Well, not to leave you hanging – the man holding the rope came to a moment of truth: He could only do so much. And so, he said, “It’s up to you. You decide which way this will end. I will become the counterweight. You do the pulling and bring yourself up.”

The other man complained all the more loudly, “You cannot mean what you say…I am your responsibility … Do not do this to me.”

The man on the bridge waited for the other man to do his part. Nothing happened. Finally, he said, “I accept your choice,” and let go of the rope.

(pp. 9-13)

Well, it’s a great story. It illustrates how we often get trapped into thinking that it’s up to us to do something about the mess other people have gotten themselves into and how, if we’re not careful, that fosters this Messianic complex we carry within us.

You see it all the time: Others put ropes in our hands – responsibilities at home, at work, at school, in the community to solve problems or clean up messes others have made. They tell us in so many ways, “We’re counting on you to help us here. Don’t let us down. You’re our only hope.”

I’m not saying we shouldn’t do our part, only that there comes a time when the most faithful thing you can do is let go of the rope.

It’s hard not to be the savior, if you think you can be the savior. And that’s the problem. As long we’re determined to rely on our own strength and our own wisdom and our own resources, we hold Christ at a distance.

Only as we recognize our dependence on him – a power greater than ourselves – and confess our need of his grace and love, do we truly experience him as the Lord and Savior of our lives.

In a sermon published in the The Christian Century, John Stendahl writes,

Messianic ambitions for ourselves and messianic expectations of others are not just the quaint delusions of people certified as mentally ill. They are found in us and around us as we seek too much from others or wish to be too much to them. In a song that is at once poignant and cruel, Bob Dylan wrote,

‘You say you’re looking for someone
who’s never weak but always strong
To protect you and defend you
whether you’re right or wrong,
Someone to open each and ev’ry door,
but it ain’t me, babe …
It ain’t me you’re looking for.’

Stendahl concludes:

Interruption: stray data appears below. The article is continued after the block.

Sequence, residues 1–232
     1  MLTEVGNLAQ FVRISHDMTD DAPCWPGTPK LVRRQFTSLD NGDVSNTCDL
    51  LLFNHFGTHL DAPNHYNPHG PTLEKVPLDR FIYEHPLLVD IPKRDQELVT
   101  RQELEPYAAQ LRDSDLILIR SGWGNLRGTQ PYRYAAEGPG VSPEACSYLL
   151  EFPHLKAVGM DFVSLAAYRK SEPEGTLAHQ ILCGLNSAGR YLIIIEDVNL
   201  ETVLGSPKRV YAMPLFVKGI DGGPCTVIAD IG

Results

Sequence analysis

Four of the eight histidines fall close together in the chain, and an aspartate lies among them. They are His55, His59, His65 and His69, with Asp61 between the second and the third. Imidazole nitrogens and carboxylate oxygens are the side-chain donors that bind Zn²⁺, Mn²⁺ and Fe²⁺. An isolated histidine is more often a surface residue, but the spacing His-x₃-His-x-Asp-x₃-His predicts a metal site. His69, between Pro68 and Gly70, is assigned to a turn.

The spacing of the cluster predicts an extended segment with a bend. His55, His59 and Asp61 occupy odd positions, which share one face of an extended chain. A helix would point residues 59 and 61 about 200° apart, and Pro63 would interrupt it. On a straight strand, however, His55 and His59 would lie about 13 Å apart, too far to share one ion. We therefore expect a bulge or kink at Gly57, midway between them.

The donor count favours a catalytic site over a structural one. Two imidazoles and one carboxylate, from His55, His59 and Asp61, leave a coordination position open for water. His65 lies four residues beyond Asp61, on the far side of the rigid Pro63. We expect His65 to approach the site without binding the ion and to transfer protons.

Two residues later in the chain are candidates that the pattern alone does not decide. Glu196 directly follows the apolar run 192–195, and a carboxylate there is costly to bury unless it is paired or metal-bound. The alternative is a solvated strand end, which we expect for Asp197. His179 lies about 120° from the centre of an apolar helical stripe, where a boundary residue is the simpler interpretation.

We are not, any nor all of us, the Messiah. That position has already been filled. To let Jesus be our Christ, our anointed savior and rescuer, may still entail seeking to be engaged in his saving work and mission – of course it does – but it also commands us to humility, a letting go of our seducing desires either to rescue or to be rescued by others. We already have a Messiah, and he ain’t us.

(12/3/02, p. 17f)

Try this spiritual exercise: Take whatever is weighing heavily on your heart today and turn it over to God. It may be a problem at work or a conflict at home; it may be a situation you’re involved with at school or an issue you’re dealing with in the community as a volunteer. It may be an individual – a friend or loved one or member of your family you’re concerned about. Whatever burden you happen to be carrying at the moment, turn it over to God and say to yourself, “I am not the Messiah. I can only do so much. It’s not all up to me.”

If you’re sincere and you truly turn it over to the Lord, two things will happen: You’ll feel a great sense of relief, as the weight of unrealistic responsibility is lifted. And ironically, by entrusting the individual or the situation to God, you’ll feel a new sense of strength and hope, as the words of Paul ring true for you:
“I can do all things through Christ, who strengthens me.”

So, who are you? I pray that you are the voice of one crying out in the wilderness: Make straight the way of the Lord. Amen.

Copyright 2008-2012 Episcopal Church of the Trinity.